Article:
Sign on Chicago Ave. Jewll-Osco erroneously states that plastic bags taxed because they are allowed.

Except that’s not completely true.

Plastic bags are not supposed to be taxed because they’re not supposed to be there.

“Stores,” said Pratt, “are not allowed to use those bags.”

The paper bag portion of the sign is correct. There is now a 10-cent bag tax which took effect the same day, but only it only applies in large locations (over 10,000 square feet – about the size of a large drugstore).

The city’s hope is that instead of paying 10-cents for a paper bag, customers will choose to save money by bringing their own reusable cloth sacks, keeping more cash and helping the environment.

The Health Department is responsible for enforcing the new ordinance. Pratt told Evanston Now she will inform that department of the grocery stores’ use of plastic.

Punishment is “not less than … $100 per offense”, and “Each day that a violation continues shall constitute a separate and distinct offense” per merchant. Licenses could be suspended or revoked if a store fails to comply after being notified.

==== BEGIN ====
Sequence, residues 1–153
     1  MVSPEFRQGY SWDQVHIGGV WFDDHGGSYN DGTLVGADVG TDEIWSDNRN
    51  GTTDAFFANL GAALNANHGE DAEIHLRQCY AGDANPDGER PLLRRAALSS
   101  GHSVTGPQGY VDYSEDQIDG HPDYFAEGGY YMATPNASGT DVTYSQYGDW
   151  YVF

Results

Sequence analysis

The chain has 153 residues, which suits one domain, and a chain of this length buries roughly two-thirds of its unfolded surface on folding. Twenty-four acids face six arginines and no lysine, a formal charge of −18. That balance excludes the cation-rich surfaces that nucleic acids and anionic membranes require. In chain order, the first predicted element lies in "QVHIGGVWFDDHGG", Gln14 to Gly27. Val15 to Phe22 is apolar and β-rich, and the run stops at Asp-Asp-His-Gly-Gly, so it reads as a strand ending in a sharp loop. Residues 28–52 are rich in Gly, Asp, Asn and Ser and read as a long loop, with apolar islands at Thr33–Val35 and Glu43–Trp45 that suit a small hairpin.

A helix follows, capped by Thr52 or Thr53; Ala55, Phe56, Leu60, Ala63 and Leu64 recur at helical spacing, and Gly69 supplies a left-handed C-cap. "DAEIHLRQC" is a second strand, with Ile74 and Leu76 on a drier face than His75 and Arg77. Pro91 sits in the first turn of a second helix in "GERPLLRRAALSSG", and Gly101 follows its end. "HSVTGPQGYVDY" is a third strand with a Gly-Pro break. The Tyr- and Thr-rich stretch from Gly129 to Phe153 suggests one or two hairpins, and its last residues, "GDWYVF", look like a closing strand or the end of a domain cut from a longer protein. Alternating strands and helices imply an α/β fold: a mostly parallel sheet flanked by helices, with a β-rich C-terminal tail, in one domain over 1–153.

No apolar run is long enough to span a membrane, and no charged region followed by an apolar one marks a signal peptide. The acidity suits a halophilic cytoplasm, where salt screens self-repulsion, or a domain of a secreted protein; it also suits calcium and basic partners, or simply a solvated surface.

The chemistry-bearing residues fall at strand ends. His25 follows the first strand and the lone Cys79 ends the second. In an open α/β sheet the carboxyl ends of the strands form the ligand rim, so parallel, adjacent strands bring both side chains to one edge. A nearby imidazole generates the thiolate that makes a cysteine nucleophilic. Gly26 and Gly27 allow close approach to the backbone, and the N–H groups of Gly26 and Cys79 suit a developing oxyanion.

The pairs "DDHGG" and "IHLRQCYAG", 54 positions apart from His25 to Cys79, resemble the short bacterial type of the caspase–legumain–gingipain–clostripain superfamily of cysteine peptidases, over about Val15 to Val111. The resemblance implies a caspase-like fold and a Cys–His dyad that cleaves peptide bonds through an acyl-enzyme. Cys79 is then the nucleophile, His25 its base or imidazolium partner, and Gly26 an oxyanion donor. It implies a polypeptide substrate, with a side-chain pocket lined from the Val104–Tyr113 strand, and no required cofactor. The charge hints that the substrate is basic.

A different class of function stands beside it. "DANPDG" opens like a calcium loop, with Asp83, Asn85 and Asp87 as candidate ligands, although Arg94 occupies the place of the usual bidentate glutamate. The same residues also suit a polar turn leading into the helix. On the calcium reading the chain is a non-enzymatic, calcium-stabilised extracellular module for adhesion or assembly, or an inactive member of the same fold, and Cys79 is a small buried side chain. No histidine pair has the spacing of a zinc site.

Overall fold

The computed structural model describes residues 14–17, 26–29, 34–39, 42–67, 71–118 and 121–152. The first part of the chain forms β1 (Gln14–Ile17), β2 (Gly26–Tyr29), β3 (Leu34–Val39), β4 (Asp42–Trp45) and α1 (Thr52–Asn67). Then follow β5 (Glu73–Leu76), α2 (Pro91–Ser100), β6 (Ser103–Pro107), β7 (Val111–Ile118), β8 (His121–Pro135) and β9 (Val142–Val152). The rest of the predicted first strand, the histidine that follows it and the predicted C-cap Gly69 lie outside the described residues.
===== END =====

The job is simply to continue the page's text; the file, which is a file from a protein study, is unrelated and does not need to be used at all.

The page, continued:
That latter draconian penalty seems unlikely, even though the manager of Valli (who only gave his name as “George”) said “we’re running down our [plastic bag] inventory that we’ve already paid for. We’re being as compliant as possible,” and should drop plastic when they run out. He said the city has been informed.

“George” also told Evanston Now it’s actually the customer who should be responsible for bringing a truly reusable bag, even if the store offers plastic.

But that’s not the law.

As for the 10-cent bag tax, the city is not expecting big bucks.

Pratt said only about 30 stores citywide are 10,000 square feet or more, so most places don’t have to worry about the bag tax.

Pratt said the city will take in only about $100,000 from the tax, which, as already stated, is designed more to discourage paper bag usage than raise money.

In fact, while half of the 10-cent fee goes to the city for environmental education and the solid waste fund, impacted stores keep the other nickel.